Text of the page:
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Islanders legend Mike Bossy has his numbers hanging from the rafters. Find out why he picked 22.

Sunday, 08.22.2010 / 9:00 AM / News
By Dyan LeBourdais
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Inside the Nassau Coliseum, the various banners of the glory days dangle from the rafters depicting the four Stanley Cup Championships and the six players that were major reasons why that history was made.  Looking at all the banners, your mind races as you visualize a time when the Islanders won four consecutive Stanley Cups, but for the players who lived that dream looking up in to the rafters is a reminder of fulfilling a life-long dream.

“You play hockey your whole life and you have the opportunity, during my career anyways, to see other players have their number retired,” said Islanders legend Mike Bossy, who is now the Executive Director of the Islanders Business Club. “You see during the ceremonies what it means to them and you see also the place that it puts them in the teams’ history.”

“So seeing the same thing happen to my number was a humbling event for me,” Bossy continued. “I guess it sort of put the cherry on top of the sundae saying that I had a career that was a full career that was not only successful individually, but also I was part of a great team and that was the reason they were retiring my jersey.”

Although Bossy’s legendary sweater number 22 hangs next to the Islanders five other retired numbers inside the Coliseum, when Bossy first got to the Islanders, sweater number 22 wasn’t his first choice. He originally wanted to wear 17, the number that marked his junior career with the Laval Nationals of the Quebec Major Junior Hockey League. His dream of number 17, which was taken by Isles center Jude Drouin at the time, quickly became a thing of the past.

“I was given the choice of three numbers, number seven, 16 or 22. And it was very simple. Twenty-two is my birth date,” Bossy said, who was born on January 22, 1957.

Even though Bossy didn’t get the number he originally wanted, when the number 17 eventually became available, he opted out of switching his number. “I think I had like 18 goals in my first 20 games so I figured there wasn’t a good reason to change to number 17,” Bossy said.

And it’s a good thing he didn’t change his number. In his 10-year stretch with the Islanders, Bossy averaged over 100 points-per-season, making him a three-time winner of the Lady Byng Memorial Trophy and helping his team to four consecutive Stanley Cups.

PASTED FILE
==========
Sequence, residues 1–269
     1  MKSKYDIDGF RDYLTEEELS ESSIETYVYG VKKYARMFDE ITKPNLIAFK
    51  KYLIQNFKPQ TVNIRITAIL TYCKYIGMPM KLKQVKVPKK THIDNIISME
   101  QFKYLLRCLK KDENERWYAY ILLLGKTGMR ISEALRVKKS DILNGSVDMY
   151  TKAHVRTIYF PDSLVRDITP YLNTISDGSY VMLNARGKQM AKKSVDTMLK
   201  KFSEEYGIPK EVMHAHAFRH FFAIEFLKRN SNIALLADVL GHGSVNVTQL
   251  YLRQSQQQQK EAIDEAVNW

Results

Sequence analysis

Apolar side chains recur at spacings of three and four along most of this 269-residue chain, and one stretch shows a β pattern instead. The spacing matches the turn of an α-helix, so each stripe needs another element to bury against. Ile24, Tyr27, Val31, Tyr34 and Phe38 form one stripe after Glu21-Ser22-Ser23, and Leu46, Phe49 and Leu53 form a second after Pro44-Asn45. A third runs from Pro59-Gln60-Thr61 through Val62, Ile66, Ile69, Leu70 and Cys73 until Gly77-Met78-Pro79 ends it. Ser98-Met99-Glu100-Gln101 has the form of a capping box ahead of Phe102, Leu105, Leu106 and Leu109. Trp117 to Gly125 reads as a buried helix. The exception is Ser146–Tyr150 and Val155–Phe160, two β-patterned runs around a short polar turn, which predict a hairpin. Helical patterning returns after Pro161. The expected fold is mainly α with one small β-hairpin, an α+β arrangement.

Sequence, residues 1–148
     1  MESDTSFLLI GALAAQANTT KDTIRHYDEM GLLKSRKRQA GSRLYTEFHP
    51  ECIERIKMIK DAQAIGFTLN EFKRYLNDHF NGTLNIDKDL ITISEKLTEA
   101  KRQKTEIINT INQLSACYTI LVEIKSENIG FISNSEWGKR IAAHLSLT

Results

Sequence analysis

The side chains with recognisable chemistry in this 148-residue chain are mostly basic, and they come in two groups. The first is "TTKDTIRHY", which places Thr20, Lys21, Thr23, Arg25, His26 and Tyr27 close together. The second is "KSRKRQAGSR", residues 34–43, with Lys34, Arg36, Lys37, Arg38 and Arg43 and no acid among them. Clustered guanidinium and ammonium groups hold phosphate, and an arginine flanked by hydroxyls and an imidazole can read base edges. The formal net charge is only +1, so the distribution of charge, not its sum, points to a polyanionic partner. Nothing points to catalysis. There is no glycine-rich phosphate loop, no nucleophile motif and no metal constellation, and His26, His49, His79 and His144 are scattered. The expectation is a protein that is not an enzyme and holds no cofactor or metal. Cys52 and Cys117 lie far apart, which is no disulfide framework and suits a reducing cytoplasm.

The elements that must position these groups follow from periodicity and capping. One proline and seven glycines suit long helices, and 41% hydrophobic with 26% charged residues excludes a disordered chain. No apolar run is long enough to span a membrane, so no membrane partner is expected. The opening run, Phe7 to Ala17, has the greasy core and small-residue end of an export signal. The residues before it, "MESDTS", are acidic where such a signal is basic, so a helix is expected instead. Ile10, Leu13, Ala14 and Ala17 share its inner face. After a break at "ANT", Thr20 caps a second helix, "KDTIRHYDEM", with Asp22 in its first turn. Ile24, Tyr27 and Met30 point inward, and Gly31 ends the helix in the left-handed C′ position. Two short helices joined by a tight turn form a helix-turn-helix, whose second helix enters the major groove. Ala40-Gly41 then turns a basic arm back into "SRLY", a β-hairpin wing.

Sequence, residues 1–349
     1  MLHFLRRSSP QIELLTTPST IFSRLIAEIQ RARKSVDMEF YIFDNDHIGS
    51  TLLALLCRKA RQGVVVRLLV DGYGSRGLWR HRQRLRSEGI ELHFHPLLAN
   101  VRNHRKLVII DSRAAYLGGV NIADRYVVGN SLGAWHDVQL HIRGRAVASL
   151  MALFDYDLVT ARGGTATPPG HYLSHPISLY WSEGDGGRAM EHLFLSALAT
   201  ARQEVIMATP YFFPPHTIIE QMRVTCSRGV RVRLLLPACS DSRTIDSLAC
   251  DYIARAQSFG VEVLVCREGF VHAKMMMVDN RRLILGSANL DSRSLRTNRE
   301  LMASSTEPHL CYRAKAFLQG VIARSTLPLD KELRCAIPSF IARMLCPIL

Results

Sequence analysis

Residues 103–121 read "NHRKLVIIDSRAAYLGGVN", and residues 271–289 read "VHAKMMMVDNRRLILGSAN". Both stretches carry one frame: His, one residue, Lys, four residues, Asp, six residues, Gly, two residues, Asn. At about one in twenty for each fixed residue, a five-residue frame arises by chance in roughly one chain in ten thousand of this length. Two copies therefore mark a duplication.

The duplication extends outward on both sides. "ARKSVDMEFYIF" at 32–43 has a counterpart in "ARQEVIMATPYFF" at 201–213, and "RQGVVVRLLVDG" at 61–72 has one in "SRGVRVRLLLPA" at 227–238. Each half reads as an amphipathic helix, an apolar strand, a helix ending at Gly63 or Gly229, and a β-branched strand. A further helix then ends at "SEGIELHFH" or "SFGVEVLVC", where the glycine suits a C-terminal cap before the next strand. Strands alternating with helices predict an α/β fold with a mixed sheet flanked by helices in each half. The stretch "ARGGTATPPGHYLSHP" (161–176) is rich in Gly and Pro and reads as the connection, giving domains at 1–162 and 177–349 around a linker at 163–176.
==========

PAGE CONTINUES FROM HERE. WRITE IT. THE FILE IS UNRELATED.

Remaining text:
After retiring at the end of the 1987 season, Bossy worked as a television broadcaster for three years covering the Quebec Nordiques. Afterwards, he took a brief hiatus from hockey only to return to the Islanders organization in October 2006.

As the Executive Director of the Islanders Business Club, Bossy attends many games, speaking with fans and conducting business, but he always takes a moment to make a casual joke with one of the younger children in the crowd.

“There will be times when I’ll visit suites during the season and there will be kids in the suites and they don’t remember who Mike Bossy is or was and that he played for the team, so I always jokingly make a reference to them that my sweater is hanging up in the rafters in the building.”

While Bossy enjoys joking with the younger generation of Islanders fans, he also likes working for the team that he won four Stanley Cups with.

“I’m enjoying my work with the team,” Bossy said. “It’s not on the hockey side. It’s in business operations and I’m trying to do my little part to make the team successful in a completely different area than I was trying to when I played, so it’s a nice challenge.”

Even though he works at the Coliseum on a daily basis, looking at the teams’ history is still an awesome experience. “It’s cool to see my jersey up there every time I come to a game or walk in to the arena, whether it’s with clients or just by myself,” said Bossy.

Previous owners of the notorious number 22 were Ron Smith, Bob Cook and Victor Teal.

Ron Smith, the first Islander to wear sweater number 22, split the 1972-73 season between the Islanders and the New Have Nighthawks of the AHL. During the season, he played 11 games for the Islanders, scoring 1 goal and 1 assist for 2 points and 14 penalty minutes.

After Bob Cook was traded to the Islanders by the Detroit Red Wings in 1972-73, he took over the number 22 where he played in 33 games scoring 8 goals, 6 assists for 14 points and 14 penalty minutes. The following season, Cook played in 22 games, scoring 2 goals and 1 assist for 3 points and 4 penalty minutes before being traded to the Baltimore Clippers of the AHL.

The third Islander to wear number 22 was Victor Teal, who accomplished his dream of stepping on the NHL ice when he played in one Islanders game during the 1973-74 season.

Bossy became the second Islander to see his number retired on March 3, 1992.




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